11 Types of Ferns, Indoor & Outdoor, to Liven Up Your Space
Author: Rick Worst | Editor: Omar Alonso
Review & Research: Jen Worst & Chris Miller
While there's countless more types of ferns, we'll introduce you to the 11 most common, available, or exciting ones so you can creatively decorate your patio, flowerbeds, and lawns while enjoying the love that arises out of gardening.
A fern is an example of primitive plants, but the presence of vascular tissue in ferns makes them different. For having two individual living stages, ferns are unique.
By definition, a nonflowering plant that completes its reproduction by producing spores is known as a fern. Ferns belong to the Plantae Kingdom and Aspleniaceae Family.
Like flowering plants, a fern has a stem, leaves, and roots. The leaves of a fern are referred to as fronds. Fronds with circinate vernation can be simple or compound based on how their lamina is divided.
In ferns, the sporophyte phase is dominant, so their roots are adventitious. They complete their reproduction sexually or asexually with the help of spores. When it comes to their habitat, ferns prefer to grow in humid and tropical regions.
Now that you're clear about what a fern is let's look at the different types of ferns.
Types of Ferns Around the World
It's estimated that 12,000 different types of ferns exist in the world. Many types of ferns survive up to even a hundred years. This range may sometimes vary as some species are being added, while others are poorly studied.
Ferns have a lot to offer and are easy to care for, so many people buy them. Depending on the conditions they grow in, ferns are divided into indoor ferns and outdoor ferns. That's how we've broken it apart below.
Indoor Types of Ferns
Indoor ferns require ample moisture and humidity for their growth. These houseplants are perfect for decorating your room, bathroom, and kitchen.
You need to water them regularly and keep them away from direct sunlight. Here are some of the most amazing types of indoor ferns for natural decor.
Boston Fern (Nephrolepis exaltata)
The Boston fern is also known as sword fern. Generally, it is found in the humid forests of Florida, South America, Mexico, etc. These perennial plants are 40-90 centimeters in height. They are sensitive to toxic chemicals, smokes, and draughts.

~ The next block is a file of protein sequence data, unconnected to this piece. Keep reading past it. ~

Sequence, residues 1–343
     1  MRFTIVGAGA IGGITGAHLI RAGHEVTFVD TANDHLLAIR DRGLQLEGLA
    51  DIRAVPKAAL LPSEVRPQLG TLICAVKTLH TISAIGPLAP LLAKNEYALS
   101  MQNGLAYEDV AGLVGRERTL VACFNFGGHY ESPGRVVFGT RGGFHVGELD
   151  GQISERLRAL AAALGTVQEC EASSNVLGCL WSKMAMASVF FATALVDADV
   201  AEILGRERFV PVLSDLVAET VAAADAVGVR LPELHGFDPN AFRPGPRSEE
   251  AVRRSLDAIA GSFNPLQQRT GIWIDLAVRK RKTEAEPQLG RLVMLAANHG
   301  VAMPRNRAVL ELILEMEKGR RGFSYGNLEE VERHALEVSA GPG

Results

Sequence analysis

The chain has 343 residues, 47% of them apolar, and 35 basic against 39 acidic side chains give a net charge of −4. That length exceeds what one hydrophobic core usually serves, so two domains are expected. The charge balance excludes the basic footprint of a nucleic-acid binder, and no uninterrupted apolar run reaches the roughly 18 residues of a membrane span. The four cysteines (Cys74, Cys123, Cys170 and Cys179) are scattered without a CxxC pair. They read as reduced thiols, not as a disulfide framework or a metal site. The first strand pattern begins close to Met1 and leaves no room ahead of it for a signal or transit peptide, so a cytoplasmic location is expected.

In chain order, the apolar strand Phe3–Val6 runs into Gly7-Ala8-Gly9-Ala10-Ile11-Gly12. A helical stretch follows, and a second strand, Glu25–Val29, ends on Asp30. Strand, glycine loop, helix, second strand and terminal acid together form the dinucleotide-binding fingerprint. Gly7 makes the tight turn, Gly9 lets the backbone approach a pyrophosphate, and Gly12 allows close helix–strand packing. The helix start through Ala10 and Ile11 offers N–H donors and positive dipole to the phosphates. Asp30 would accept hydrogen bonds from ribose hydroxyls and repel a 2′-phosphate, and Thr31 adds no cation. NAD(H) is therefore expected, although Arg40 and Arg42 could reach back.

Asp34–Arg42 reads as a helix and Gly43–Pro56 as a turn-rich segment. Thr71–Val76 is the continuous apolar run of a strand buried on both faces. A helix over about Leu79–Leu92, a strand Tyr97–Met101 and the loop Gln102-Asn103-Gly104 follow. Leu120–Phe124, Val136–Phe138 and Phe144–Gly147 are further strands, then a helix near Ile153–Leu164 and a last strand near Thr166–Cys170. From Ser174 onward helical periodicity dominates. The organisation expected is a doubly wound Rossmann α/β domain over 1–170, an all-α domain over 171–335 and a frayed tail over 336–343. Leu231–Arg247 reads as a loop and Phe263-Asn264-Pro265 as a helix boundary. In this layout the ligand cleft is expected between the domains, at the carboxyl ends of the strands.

This houseplant requires a high level of humidity, moderate temperature, and humus-rich soil for its propagation. The Boston fern has earned an excellent reputation as air-purifying houseplants.
So, this indoor houseplant not only helps you to decorate your house but also promotes environmental cleanliness. It's a win/win for everybody.
Crocodile Fern (Microsorum musifolium)
The Crocodile fern is compared with crocodile hides for their astonishingly similar appearances. It is mostly found in Australia and can be grown both indoor and outdoor. This tropical fern grows at the height of 2 to 5 feet long.
Warm temperatures and a pH within the range of 6 to 8.5 are essential for the Crocodile fern. Since it's an indoor plant, it scorches easily in direct sunlight.
These ferns love moisture, so a bathroom is the best place for them. They're most vulnerable to certain diseases like fern scale, but they're easily treated.
Staghorn Fern (Platycerium spp.)
Staghorn ferns grow indoors and outdoors both. Wherever they grow, they need moderate moisture with humus-rich soil for their propagation. Like many ferns, these ferns are also found mostly in Australia.
This epiphytic plant has two kinds of leaves, and one of the leaves acts as the horns of giant herbivores, hence the name "Staghorn" fern. These ferns require low, indirect light along with moderate watering.
They thrive in high humidity, so their fronds are leathery, which is suitable for collecting moisture. The frond tips of the Staghorn fern produce cinnamon-colored spores. Since they have a life span of up to 90 years, you can pass it to your kids.
Kangaroo Paw Fern (Microsorium diversifolium)
Unsurprisingly, the Kangaroo Paw fern is native of Australia. When it comes to its fronds, they come in a variety of shapes, sizes, and textures, but they all have the same deep green shade.
You can grow these epiphytes in the soil as well. However, the soil must be moist (not soggy) and well-drained.
The Kangaroo Paw fern has loved places with hot temperatures and high humidity, such as a bathroom. If they're in your living room, you can mist them daily or use a pebble tray.
Like most indoor plants, the Kangaroo Paw fern can't handle direct sunlight and needs partial shade. So please take care where you place them so you and they can be happy.
Japanese Holly Fern (Cyrtomium falcatum)
The Japanese Holly fern is a robust and perennial plant and unlike all ferns that we have shown you so far. Despite being tough, with its brightly colored green leaves, the Holly fern adds immense beauty to any room.
These ferns thrive in room temperatures; however, they can survive cold and hot temperatures if you fulfill their needs. They need filtered bright light for ideal growth, but they can withstand poor light for a short time period.